May 21, 2023
David Del Tredici Laughs to the End
The Roger Shapiro Fund commissioned Herrick’s Oratorio for Mark Shapiro and Cantori New York, with thanks to Father Graeme Napier and St. John’s in the Village.
I cannot put my finger on what Joni Mitchell is getting at with her tone of voice in the song “Ladies of the Canyon”. There is a twinkle in her eye, but those have a wide range of explanations, interpretations.
I am also unable to put into words Del Tredici’s tone in Herrick’s Oratorio. His Last Rose of Summer (his Cygnus piece) is a riot. I need to revisit it. Herrick’s Oratorio is a riot. I was laughing out loud. But there are moments of quiet mystery that are like nothing else, but something like Schoenberg’s *Jacobsleiter*, or quiet, mysterious moments in Mahler symphonies.
Good — only a tincture of the German Expressionism that was once alluring to us here, but is not of this clime. Early Del Tredici has more than a tincture, but that background is what makes Del Tredici interesting and he told me flat out that his modernist chops gave him the tools for his subtle submersions. People complained about Melville’s German philosophy. America’s on-shoring of Expressionism is a process that’s still playing out. One contingent of critics would have us reject it entirely. What would they have said about Melville if they’d lived in the days before he was understood?
The tone of voice — he is reveling in the quaintness of Herrick, reveling in Herrick not as the Cavalier poet who is better than once thought. He revels in the other Herrick. Herrick was an Anglican cleric, Del Tredici, gay, is from a Catholic background. And in the final two poems—children’s graces—the text is set to the best-known Lutheran Hymn. (Composer Daron Hagen noted the irony when I spoke with him afterwards.) This religious mash-up is consistent with the reverently irreligious tone of the enterprise.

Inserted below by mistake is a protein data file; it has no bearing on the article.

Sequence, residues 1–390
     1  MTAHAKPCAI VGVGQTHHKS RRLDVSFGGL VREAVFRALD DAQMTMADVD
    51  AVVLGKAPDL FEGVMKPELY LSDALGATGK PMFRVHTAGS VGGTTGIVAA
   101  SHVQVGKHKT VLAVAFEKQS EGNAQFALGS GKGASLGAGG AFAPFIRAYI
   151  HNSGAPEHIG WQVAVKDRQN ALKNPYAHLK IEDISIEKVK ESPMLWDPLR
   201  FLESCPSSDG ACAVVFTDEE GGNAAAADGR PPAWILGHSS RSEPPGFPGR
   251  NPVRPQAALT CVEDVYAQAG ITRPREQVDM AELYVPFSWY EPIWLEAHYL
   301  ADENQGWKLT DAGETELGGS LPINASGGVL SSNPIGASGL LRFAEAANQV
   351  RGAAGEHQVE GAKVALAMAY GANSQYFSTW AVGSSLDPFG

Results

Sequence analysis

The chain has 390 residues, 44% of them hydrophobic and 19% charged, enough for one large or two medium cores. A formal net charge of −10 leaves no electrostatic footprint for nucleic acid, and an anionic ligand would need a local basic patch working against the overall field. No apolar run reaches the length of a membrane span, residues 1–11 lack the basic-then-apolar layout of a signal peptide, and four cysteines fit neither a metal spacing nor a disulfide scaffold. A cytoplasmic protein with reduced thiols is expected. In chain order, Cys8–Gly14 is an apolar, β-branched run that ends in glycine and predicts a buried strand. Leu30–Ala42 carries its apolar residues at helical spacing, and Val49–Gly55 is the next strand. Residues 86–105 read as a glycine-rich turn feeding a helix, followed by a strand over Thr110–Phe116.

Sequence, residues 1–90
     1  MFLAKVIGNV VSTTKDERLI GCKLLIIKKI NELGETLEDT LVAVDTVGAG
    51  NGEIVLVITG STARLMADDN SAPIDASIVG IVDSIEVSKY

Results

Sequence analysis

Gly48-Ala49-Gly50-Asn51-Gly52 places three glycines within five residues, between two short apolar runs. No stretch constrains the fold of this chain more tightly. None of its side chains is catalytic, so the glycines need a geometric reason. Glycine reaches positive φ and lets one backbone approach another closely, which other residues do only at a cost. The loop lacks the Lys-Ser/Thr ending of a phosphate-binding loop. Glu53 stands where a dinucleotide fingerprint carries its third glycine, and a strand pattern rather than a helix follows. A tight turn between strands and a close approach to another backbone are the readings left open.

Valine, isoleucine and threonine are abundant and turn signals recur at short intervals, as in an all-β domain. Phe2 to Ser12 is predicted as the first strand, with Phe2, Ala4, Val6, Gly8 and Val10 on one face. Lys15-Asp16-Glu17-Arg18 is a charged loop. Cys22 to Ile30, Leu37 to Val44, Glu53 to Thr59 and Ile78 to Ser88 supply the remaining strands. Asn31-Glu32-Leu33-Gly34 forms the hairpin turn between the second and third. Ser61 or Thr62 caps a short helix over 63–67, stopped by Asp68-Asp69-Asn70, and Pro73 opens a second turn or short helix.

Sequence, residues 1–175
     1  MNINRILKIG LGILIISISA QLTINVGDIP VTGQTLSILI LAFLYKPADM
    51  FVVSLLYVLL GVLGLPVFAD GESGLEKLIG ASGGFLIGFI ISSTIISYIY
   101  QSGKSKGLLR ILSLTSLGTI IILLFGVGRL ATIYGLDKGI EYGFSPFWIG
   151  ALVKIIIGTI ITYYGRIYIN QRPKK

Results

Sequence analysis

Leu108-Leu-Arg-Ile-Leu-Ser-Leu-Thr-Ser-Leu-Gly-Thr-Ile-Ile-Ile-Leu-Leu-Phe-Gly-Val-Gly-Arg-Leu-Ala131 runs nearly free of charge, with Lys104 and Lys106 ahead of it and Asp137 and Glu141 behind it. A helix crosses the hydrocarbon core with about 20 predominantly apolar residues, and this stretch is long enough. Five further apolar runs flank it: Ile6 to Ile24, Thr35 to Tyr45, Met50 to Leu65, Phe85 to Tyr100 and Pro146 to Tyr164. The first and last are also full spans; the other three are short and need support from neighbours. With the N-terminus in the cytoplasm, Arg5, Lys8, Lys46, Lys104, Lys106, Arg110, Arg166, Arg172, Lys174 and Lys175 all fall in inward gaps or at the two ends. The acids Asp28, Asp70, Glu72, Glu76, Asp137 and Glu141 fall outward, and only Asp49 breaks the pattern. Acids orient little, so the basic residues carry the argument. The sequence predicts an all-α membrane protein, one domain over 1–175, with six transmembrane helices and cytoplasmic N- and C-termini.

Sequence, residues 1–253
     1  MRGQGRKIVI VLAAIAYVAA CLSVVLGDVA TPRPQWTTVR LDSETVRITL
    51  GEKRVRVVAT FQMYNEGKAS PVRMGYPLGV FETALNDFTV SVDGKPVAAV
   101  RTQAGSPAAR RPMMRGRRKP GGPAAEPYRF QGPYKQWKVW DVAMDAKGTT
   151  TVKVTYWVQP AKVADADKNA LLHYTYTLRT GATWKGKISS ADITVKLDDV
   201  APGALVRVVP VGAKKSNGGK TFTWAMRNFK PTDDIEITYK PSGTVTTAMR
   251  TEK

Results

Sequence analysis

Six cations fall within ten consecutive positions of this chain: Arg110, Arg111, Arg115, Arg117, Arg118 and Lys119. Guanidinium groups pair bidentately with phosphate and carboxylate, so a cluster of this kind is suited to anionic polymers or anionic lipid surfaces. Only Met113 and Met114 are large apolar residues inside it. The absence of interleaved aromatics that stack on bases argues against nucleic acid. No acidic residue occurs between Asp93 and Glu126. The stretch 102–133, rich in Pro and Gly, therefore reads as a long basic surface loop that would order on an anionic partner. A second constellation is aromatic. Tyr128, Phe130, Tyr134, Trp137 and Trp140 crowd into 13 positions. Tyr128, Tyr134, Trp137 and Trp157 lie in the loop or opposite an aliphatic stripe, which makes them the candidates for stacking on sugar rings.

I now understand the thoughtful verbiage that Cantori circulated as the premiere approached. There was no mention of this work as a farewell to the world. I was curious about that; that is what I like about the group of texts. That farewell aspect is something to be usurped and that is what Del Tredici does, strongly. The text could be eaten up in 10 minutes of music, set differently. The repetitions are not obtrusive or annoying like a bad pop song, but musical transformations occur through repetitions and chopping up of the same bits of text and so the music overwhelms the text. The music transcends the text. Death is left lying flat on its back, utterly defeated by Del Tredici’s wit – “seeing and unseeing in the eye” (Wallace Stephen’s, Notes Toward a Supreme Fiction) and a wording and unwording, like “Ring Around the Rosie” — Del Tredici short circuits anything elegiac in Herrick’s poems.
This is strong music. There is nothing sentimental. This tone cannot be called neo-Romantic. I claim Del Tredici for the post-maximalists. His tone is his stance, his seeing, and through the music he directs our seeing. We do not need to figure out the tone, we simply need to listen to Herrick’s Oratorio. Joni Mitchell and David Del Tredici take a strong stance and transmit that to us.